Posted: Aug 2, 2010 5:03 AM by Sharlee Barriere
ST. MARTINVILLE, La. (AP) - To resuscitate the economic
well-being of this city, the SMILE Community Action Center is
trying to open avenues to education, housing and employment.
Nakeisha Pierce, who has worked with SMILE since January, said
the center recently launched two new initiatives the Family
Mentoring Program and the Adult Male Program.
Pierce said the Adult Male Program is for men between ages 16
and 24 and is focused on "getting young men off the sofa and get
Pierce said she and her co-workers accomplish the center's goal
by making relationships with local businesses, checking the want
ads weekly and finding jobs to fit the skills of their clients.
Since the program started in January, about 30 jobs have been
landed for the center's clients, Pierce said.
Adult male coordinator Edie Harrison said many of the young men
who enter the program have the odds stacked against them.
The majority of the center's clients are high school dropouts,
and while some have criminal backgrounds, she said others do not
have a constant mode of transportation to take them to interviews,
which due to the decreasing availability of jobs in St.
Martinville, are often at businesses located in Broussard or
"Sometimes they're stuck between a rock and a hard place, so we
offer them everything they need to overcome whatever roadblocks may
be in their way," Harrison said. "We do job searches, help them
get the training they need. We even provide transportation for our
clients to get to interviews."
Pierce said the center's ultimate success story would have to be
Norman Boutte, a St. Martinville native who entered the program in
May. After recovering from a stroke four years ago, Boutte said he
wanted to return to the work force but was unsuccessful.
Frustrated, Boutte said one day he made a phone call and was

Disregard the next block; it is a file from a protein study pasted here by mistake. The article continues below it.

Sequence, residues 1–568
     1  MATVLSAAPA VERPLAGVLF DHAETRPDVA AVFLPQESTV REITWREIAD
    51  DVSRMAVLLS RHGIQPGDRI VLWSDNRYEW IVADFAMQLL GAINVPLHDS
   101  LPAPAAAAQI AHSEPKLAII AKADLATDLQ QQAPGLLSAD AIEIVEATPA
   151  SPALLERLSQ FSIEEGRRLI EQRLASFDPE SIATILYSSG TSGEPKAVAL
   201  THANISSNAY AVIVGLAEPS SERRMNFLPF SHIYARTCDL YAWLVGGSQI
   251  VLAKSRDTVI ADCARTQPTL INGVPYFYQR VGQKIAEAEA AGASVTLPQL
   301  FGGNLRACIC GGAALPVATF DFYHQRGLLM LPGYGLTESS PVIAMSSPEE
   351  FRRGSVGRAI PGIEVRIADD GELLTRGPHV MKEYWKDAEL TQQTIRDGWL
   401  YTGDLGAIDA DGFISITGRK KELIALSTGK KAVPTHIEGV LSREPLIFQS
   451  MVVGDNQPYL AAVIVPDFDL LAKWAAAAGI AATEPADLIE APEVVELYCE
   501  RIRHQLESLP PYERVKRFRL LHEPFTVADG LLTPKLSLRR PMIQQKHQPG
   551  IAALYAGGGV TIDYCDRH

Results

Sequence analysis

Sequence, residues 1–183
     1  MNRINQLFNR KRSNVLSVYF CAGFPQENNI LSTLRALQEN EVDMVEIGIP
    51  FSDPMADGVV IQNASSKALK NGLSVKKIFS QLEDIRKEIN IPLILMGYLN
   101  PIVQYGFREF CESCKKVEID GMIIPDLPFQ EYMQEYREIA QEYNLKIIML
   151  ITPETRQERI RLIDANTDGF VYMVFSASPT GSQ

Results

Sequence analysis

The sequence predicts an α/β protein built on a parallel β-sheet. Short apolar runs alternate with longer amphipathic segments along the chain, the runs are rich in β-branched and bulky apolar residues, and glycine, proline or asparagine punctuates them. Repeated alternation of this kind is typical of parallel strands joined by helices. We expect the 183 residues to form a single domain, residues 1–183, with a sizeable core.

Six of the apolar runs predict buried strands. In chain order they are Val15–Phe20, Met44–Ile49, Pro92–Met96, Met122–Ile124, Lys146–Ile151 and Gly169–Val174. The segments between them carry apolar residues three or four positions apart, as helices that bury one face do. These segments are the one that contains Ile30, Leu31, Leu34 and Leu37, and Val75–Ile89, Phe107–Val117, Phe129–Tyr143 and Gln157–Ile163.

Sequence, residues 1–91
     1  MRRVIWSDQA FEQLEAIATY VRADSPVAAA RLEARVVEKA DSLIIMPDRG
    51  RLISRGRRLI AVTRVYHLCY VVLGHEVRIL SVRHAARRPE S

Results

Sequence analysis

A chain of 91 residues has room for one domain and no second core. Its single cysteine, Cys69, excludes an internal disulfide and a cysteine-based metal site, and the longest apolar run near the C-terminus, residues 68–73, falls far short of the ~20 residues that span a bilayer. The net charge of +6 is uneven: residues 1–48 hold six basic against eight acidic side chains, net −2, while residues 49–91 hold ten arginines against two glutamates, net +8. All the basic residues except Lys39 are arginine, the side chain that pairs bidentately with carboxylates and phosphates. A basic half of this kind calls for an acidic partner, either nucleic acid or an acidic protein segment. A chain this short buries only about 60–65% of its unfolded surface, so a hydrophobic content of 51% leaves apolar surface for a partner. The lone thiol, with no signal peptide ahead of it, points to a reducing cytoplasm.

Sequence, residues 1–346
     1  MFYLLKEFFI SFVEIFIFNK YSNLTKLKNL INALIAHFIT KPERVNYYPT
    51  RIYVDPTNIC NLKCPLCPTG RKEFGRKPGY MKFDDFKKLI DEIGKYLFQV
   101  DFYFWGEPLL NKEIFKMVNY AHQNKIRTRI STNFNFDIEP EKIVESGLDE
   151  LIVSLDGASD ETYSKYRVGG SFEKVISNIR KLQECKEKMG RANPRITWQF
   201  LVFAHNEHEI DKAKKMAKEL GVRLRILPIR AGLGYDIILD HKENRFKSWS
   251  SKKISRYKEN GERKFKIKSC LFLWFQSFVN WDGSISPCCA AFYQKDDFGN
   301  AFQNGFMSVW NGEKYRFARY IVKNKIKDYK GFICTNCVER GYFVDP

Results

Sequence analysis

referred to SMILE, where he entered the program with the goal of
Within two months, after going on several interviews, Boutte
said an outreach coordinator position became available at the
center, and after submitting his resume, he was hired.
"He (Boutte) got the job," Pierce said. "He was the perfect
candidate and now he's our ultimate success story."
As an outreach coordinator, Boutte said he recruits young men
into the program and does whatever he can to help them find a job.
"It's all about selling yourself," Boutte said. "That's what
we try to teach these young men, even the guys who are ex-cons,
having trouble finding work. Coming out of jail, no one wants to
hire them, but I'm working with one now, and a position may have
come up for him."
Unlike the Adult Male Program, the Family Mentor Program is open
to anyone who desires a basic life education, such as, how to
maintain one's finances, pay bills, get an education, getting hired
and finding affordable housing.
"We want to meet young people and help get them on their
feet," Pierce said. "Our goal is to empower people in the
community toward economic independence through education and human
and social services."
At a recent town hall meeting, St. Martin Parish Community
Action Center Coordinator Paulma Johnson told a crowd of about 50
people that God made humans to work, not wake up, eat and sleep.
"We have to get the younger generations an education or some
kind of training," Johnson said. "My mother had a house filled to
the brim and we always ate. Hard work pays."
"We don't want the community to miss out on this opportunity,"
Pierce said about the two programs, which are set to end in